James Campbell and Christopher J. Lord investigate the genetic basis of breast cancer at The Institute of Cancer Research, London.
Cancer has been described as ‘a hundred diseases masquerading as one’. The diversity of cellular dysfunctions and ability to evolve are major obstacles for efforts to understand the disease or devise rationale therapies.
Bernard Weinstein was among the first to theorize “…because of their bizarre circuitry, cancer cells suffer from ‘gene addiction’ and ‘gene hypersensitivity’ that might be exploited in both cancer prevention and chemotherapy” (Weinstein 2000). A therapeutic strategy stems from the observation that that some tumors are particularly reliant on a single oncogenic pathway for continued survival (Sharma 2007).
“…cancer cells suffer from ‘gene addiction’ and ‘gene hypersensitivity’ that might be exploited in both cancer prevention and chemotherapy.”
Is there a way to find the mechanistic or ‘material’ basis of kinase genetic dependencies?
Kinases are of great interest in cancer because of their pervasiveness: Mutations in one-fifth of human kinases are believed to play an active role in tumorigenesis (Greenman 2007). Moreover, their biochemical nature make them more amenable to inhibition by small molecules, that is, ‘druggable’. Delineating how kinases interact with well-characterized signaling subnetworks is critical to our understanding of their role in cancer progression and their potential as therapeutic targets.
Campbell et al. (Campbell 2016) integrate experimental inhibition of kinases with previous knowledge of gene interactions build a compendium of kinases and their associated subnetworks that sustain viability in human tumor-derived cell lines.
A kinase genetic dependency (KGD) is defined by a reduction of cell viability after introduction of a silencing RNA (siRNA). In this way, 714 kinases were screened in 117 cell lines of which more than 500 protein kinases. The resulting compendium of kinase dependencies across cell types is itself useful, but the authors went further by associating KGDs with important biomarkers then attempting to provide a mechanistic link between them. From a therapeutic perspective, this represents a means to first identify (biomarker) then disable (KGD) a given tumor type.
The important set of biomarkers examined in this study were 21 mutations representing ‘key’ cancer drivers mutated in at least seven of the cell lines (Vogelstein 2013). Driver mutations are recurrent alterations that directly affect growth and survival and their presence in cell lines was inferred from previous exome sequencing (COSMIC cell line project) and copy number profiling (Cancer Cell Line Encyclopedia) efforts. Another way of looking at the interaction with driver genes is to say that mutation in a driver potentiates the sensitivity to or reliance upon a kinase. From a therapeutic standpoint, knowledge of whether a tumor harbors a specific driver mutation could inform the choice of the kinase inhibitor applied to reduce tumor burden.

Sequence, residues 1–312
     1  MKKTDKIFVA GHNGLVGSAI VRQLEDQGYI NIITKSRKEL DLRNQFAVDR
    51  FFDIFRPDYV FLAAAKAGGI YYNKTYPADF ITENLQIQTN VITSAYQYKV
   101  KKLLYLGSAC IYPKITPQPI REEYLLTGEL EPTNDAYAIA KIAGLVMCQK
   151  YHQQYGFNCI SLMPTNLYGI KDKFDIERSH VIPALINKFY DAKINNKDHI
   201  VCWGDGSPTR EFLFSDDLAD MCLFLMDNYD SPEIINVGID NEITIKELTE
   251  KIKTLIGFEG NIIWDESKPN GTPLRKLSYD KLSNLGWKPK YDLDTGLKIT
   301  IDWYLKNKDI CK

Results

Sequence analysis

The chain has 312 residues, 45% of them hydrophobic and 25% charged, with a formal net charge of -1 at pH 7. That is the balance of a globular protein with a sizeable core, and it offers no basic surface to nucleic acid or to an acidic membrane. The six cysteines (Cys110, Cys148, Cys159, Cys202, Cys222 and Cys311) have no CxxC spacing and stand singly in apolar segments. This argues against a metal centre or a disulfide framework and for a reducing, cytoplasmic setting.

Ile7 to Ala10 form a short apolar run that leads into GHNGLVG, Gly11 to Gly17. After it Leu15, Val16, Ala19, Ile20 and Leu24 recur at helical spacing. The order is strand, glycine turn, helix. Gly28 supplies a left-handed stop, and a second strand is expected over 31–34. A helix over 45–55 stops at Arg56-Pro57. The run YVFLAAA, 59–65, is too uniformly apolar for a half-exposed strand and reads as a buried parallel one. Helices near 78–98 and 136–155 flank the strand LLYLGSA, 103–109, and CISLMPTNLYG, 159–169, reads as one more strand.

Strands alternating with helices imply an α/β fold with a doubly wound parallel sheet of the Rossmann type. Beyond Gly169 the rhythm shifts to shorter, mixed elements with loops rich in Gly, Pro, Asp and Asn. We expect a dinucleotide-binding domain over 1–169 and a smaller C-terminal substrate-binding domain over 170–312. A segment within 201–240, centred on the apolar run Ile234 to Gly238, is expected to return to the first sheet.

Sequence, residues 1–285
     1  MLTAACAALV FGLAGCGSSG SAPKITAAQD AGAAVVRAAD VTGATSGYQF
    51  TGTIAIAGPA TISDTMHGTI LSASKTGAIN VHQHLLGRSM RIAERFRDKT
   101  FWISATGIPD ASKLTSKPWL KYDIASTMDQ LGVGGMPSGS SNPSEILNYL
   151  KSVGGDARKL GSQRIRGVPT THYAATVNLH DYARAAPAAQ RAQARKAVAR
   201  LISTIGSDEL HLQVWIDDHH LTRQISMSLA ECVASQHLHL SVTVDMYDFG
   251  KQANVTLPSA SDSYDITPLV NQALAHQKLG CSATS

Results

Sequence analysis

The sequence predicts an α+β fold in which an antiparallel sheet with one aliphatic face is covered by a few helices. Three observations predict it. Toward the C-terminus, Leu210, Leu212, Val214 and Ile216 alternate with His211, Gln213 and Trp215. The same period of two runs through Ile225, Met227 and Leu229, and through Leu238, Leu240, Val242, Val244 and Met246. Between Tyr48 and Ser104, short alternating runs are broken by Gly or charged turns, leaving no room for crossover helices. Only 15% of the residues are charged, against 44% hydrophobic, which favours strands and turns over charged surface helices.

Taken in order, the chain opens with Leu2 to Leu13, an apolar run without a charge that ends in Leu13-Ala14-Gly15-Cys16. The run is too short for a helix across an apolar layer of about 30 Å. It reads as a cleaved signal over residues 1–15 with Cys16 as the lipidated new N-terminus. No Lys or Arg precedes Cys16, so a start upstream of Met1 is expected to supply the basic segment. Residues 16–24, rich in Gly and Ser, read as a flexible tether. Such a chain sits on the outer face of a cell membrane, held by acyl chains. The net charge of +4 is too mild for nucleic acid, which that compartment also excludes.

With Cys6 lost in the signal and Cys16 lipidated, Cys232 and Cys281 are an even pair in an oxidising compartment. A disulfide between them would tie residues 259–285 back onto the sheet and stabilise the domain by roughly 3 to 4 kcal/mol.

This approach revealed over 1 100 putative driver-KGD associations. To link drivers and KGDs with enough information to inform follow-up experiments, Campbell et al. gathered interaction information concerning protein interactions (HINT, BioGRID and KEA) and kinase-substrate targets (HINT and PhosphoSitePlus). This analysis identified 95 previously identified direct links. A number of the 21 key driver genes are known to function as transcriptional activators, for example TP53, MYC, and SMAD4. A benefit of Pathway Commons is that it gathers and explicitly represents gene regulatory relationships from source databases. Using this information, an additional 18 associations were established (Fig. 1, left), for example, a regulatory link was identified between the long known cancer driver c-Myc and the kinases CDKL5 and PRKCH. A re-examination of the KGD data revealed that indeed, c-Myc amplification was associated with increased sensitivity to inhibition of both kinases. Pathway Commons provided key regulatory links between driver genes and kinases that would have been missed by relying solely on databases housing physical interactions.
“Pathway Commons provided key regulatory links between driver genes and kinases that would have been missed by relying solely on databases housing physical interactions.”
What of the remaining KGDs where no direct/regulatory interaction could be identified? Here the authors attempted to reuse and extend their interaction data further by integrating the different sources (Fig. 1, right). Specifically, Campbell et al. created a master network composed of kinase-substrate data alongside a subset of Pathway Commons pathway data that described directional links between genes (e.g. expression, phosphorylation, transport). Querying the network for paths limited to length 2 or less provided an additional set of 163 driver-KGD links. For example, the sensitivity of NEK9 and MASTL kinases in ERBB2-amplified cells was not previously recorded however, this approach found that CDK1 is an intermediary. Overall, integration of a priori knowledge into this workflow identified over 270 putative links.
By using experimental observations supplemented with interaction data Campbell et al. provide a useful compendium of KGDs across multiple cells types. Linking driver genes and KGD mechanistically provides a rational explanation for sensitivity to inhibition. From a therapeutic point of view, kinase dependencies might be identified de novo by extending networks originating from driver genes in the same way.